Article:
Photographing Small Rooms

Photographing Small Rooms As a general rule, the smaller the area, the wider field of view for your lens. I like to shoot small spaces with my 10mm lens which takes in practically the complete room if I set up to shoot in a doorway or corner. This lens has the ability to open up a confined room or even make a closet appear spacious, It'll turn a regular mattress into a king-sized one, or turn the living room (pictured below) palatial. Remember to keep the film plane strictly vertical to prevent the warping of straight lines. This lens does create some distortion (corners objects can become expanded), use the 0-20mm zoom lens or a 18-20mm for bigger rooms.

Living Room with 18mm Lens with on-camera flash 18mm Lens with on-camera flash
Living Room with 10mm Lens with Bounce Flash and Photoshop 10mm Lens with Bounce Flash and Photoshop
When you shoot with "cropping" digital camera you are most likely to discover that small rooms are a tough contest on anything longer than 12mm. There are pitfalls of employing a wide angle lens for all your shots. By doing so you could overlook interesting features: there is unique character to be found in some interiors, particularly in smaller objects or areas, even close-ups. Also looking at a collection with all wide angle shots and no other variety can become somewhat tiresome.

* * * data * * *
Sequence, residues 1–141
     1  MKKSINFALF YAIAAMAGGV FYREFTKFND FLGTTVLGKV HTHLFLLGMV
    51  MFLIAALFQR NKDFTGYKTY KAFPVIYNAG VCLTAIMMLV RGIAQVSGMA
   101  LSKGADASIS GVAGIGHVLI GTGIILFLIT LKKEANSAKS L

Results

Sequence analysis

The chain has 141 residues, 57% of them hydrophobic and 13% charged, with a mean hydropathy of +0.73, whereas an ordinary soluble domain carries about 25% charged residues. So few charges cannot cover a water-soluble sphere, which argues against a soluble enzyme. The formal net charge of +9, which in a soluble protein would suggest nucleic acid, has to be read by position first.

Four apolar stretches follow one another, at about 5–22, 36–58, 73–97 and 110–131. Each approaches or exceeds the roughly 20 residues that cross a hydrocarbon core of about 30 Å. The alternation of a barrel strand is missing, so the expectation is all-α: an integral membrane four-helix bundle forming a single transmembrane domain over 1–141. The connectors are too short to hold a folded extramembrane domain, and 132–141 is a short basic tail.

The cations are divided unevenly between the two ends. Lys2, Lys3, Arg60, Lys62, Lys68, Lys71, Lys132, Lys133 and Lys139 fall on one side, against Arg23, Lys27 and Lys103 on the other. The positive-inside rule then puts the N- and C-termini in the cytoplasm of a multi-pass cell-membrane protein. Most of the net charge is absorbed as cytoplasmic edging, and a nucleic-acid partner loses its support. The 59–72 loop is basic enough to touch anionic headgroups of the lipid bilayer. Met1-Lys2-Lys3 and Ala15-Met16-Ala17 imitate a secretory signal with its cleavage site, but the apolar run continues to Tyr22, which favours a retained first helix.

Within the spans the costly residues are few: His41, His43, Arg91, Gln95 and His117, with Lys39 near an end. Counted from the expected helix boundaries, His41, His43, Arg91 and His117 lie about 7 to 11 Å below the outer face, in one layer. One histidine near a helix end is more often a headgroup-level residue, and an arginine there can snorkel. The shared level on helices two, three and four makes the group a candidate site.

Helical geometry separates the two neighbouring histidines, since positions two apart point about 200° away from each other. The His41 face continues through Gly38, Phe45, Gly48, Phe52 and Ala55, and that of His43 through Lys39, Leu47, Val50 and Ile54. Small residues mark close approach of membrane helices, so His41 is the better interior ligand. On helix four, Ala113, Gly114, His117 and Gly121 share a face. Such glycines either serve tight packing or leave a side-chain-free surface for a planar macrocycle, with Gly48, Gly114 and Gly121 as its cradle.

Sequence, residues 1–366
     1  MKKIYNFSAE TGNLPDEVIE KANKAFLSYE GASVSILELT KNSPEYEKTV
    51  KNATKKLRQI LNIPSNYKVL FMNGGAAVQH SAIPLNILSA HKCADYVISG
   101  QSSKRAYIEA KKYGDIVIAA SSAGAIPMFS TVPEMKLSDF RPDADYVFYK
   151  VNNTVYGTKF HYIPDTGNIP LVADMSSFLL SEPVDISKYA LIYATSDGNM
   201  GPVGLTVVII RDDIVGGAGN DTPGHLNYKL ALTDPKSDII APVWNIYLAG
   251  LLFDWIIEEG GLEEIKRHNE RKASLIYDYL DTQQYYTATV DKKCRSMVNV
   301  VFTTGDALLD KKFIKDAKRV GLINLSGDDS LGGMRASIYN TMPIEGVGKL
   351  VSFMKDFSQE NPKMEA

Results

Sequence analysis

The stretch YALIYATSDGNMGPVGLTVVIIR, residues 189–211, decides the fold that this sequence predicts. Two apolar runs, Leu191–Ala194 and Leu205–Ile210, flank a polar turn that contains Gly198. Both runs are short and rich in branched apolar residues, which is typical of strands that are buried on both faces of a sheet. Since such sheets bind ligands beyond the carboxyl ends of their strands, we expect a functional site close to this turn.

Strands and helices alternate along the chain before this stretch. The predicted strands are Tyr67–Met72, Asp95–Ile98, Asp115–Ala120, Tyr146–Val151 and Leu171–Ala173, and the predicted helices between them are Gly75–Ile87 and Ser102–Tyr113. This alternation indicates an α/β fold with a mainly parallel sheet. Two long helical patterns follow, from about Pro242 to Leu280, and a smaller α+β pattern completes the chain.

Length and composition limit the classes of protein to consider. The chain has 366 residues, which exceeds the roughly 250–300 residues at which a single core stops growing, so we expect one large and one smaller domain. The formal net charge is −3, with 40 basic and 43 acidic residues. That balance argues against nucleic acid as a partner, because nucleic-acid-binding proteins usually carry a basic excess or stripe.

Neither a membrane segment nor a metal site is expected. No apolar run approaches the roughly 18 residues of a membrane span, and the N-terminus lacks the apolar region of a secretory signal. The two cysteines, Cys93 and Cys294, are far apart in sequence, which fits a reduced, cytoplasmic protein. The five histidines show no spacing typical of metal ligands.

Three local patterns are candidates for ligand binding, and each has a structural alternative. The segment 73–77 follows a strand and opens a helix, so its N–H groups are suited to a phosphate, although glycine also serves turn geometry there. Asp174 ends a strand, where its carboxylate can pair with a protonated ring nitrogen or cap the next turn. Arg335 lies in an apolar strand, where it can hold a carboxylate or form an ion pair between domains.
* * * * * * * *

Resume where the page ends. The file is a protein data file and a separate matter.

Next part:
Use Photoshop as your friend to decrease shadows, adjust distortion, or to add more light. Also there is less window burnout using bounce flash which also makes more light available. (Click the thumbnail photos for a larger views).

Rearrange the Furniture

Have no fear about rearranging furniture to showcase a room for the best effect... Time willing and little help. Many times small rooms open up and appear bigger when some of the furniture is removed. Furniture can also be moved to emphasize positive room features, hide defects, cover up utilities, or to make a place to set up your camera in a preeminent vantage position.

Use More Light

Take a look at the two shots above see the difference in lighting. Also see The Room Looks Dark for solutions. Most often plenty of light transforms a small room into a larger one, whereas poor lighting can reduce the size of a room. updated article Jan15, 2011

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